Photo: Craig Cutler

Star power: We found several thousand published studies on the skin-saving effects of these vitamin A derivatives. The overwhelming consensus: Retinoids increase collagen production (plumping your skin), speed up cell turnover (smoothing your complexion) and unclog pores (reducing breakouts).

What to look for on the label: If it's a prescription: tretinoin (brand names Atralin, Avita, Retin-A, Retin-A Micro, Renova), tazarotene (Avage, Tazorac) and adapalene (Differin). If it's over-the-counter: retinol, which minimizes lines and discoloration more slowly than its prescription counterparts (12 weeks, not six, before you see improvements).

For best results: Allow your skin to become accustomed to a retinoid, which can cause redness, flaking, and peeling. Start by applying it every third night (because it's sensitive to sunlight, don't apply in the morning). After two weeks, apply every other night. If you're not dry or flaky after another two weeks, use it every night. Wait 15 minutes after washing your face before applying (if skin is damp, the retinoid could be absorbed too quickly and cause irritation). Never use more than a pea-size dab for your whole face; if your skin is dry, you can apply a moisturizer on top.

You should know: Don't layer a retinoid with benzoyl peroxide or alpha hydroxy acids because they will deactivate it.

We recommend:

Philosophy Miracle Worker Miraculous Anti-Aging Retinoid Eye Repair ($65;

SkinMedica Tri-Retinol Complex ($55;


Photo: Craig Cutler

Alpha Hydroxy Acids (AHAs)
Star power: These acids, often derived from fruit or milk sugars, dissolve the "glue" between the complexion-dulling dead skin cells that accumulate with age, allowing them to be sloughed off, revealing fresh skin. Discoloration is minimized, skin feels smoother, and pores can look smaller. Overall, skin is more luminous.

What to look for on the label: Glycolic, malic, citric and lactic acids. Glycolic is the most commonly used because it yields good results with little irritation.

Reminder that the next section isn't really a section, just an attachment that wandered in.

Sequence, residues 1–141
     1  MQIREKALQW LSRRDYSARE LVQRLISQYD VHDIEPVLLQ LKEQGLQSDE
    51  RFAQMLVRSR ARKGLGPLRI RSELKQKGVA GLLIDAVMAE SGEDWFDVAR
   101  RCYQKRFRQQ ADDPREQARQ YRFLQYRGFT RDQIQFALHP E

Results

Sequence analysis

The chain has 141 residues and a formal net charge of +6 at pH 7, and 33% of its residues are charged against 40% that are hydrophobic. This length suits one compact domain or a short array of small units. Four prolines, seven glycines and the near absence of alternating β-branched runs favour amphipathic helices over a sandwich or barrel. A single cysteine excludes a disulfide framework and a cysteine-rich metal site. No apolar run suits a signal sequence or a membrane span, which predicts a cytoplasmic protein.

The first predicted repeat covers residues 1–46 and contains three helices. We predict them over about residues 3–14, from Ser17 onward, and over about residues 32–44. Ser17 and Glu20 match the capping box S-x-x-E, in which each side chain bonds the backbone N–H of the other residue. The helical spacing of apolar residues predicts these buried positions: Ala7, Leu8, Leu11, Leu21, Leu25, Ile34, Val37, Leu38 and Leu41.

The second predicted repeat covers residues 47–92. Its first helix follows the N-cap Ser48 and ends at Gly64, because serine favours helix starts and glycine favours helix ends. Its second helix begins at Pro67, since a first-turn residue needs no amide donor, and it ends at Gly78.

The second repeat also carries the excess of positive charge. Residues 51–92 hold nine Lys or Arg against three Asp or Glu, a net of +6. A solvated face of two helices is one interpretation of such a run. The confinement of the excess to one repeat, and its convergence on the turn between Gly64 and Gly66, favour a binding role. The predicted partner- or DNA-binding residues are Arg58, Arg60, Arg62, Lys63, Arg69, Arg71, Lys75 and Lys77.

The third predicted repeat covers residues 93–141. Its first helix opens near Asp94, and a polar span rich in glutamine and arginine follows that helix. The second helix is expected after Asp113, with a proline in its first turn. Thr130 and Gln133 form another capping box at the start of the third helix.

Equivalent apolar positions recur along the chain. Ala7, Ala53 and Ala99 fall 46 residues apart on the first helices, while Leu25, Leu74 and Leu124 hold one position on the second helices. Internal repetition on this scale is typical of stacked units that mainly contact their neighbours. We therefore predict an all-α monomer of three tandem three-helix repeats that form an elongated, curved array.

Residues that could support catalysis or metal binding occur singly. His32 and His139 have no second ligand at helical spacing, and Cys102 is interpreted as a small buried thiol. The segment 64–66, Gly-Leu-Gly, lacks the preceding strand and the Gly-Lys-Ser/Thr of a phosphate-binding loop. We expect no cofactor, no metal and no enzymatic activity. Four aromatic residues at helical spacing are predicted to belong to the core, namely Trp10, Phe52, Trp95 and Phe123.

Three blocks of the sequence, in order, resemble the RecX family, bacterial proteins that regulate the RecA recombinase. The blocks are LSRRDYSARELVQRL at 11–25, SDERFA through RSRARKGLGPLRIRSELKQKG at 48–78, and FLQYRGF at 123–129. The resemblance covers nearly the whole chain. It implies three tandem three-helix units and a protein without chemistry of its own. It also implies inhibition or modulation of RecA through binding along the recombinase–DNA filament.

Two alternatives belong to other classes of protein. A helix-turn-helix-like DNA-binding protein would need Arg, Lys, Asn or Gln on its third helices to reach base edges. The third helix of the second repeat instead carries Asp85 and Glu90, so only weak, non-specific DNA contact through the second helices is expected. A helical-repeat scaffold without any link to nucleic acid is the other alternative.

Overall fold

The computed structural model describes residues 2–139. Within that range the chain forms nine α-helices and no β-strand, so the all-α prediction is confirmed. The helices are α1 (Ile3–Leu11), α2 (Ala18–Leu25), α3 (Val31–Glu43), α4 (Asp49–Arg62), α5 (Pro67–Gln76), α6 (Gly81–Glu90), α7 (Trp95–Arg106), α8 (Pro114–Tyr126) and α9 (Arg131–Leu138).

For best results: Add an AHA lotion or cream to your daily skincare regimen, or do an at-home AHA peel once a week (or more, if your skin isn't too sensitive). Many dermatologists recommend using an AHA lotion in the morning so your nighttime treatment (whether a retinoid, basic moisturizer, or both) can penetrate more effectively. Both retinoids and AHAs exfoliate the skin, so ease into a regimen that includes the two to avoid redness and peeling. AHAs are great to use on your neck (where the skin is generally too thin to tolerate a retinoid), and can smooth irritation like keratosis pilaris (those little bumps you might have on the backs of your arms) as well as ashy elbows and knees.

You should know: Cleansers containing AHAs aren't in contact with the skin long enough to have any effect. To get results, invest in a cream instead.

We recommend:

Peter Thomas Roth Max Complexion Correction Pads ($36;

Beauty Rx Skincare by Dr. Schultz Daily Exfoliating Body Therapy Lotion ($50;

hyaluronic acid

Photo: Craig Cutler

Hyaluronic Acid
Star power: A synthetic version of the skin-plumping, joint-lubricating substance produced naturally in our bodies—actually a sugar—the hyaluronic acid in skincare products is a terrifically effective humectant. "It draws a tremendous amount of water to the skin—about 1,000 times its weight," says cosmetic chemist Randy Schueller, editor in chief of Hyaluronic acid not only makes parched skin feel better but also temporarily plumps it, and is light enough to blend seamlessly with makeup.

What to look for on the label: Hyaluronic acid, hyaluronan and sodium hyaluronate.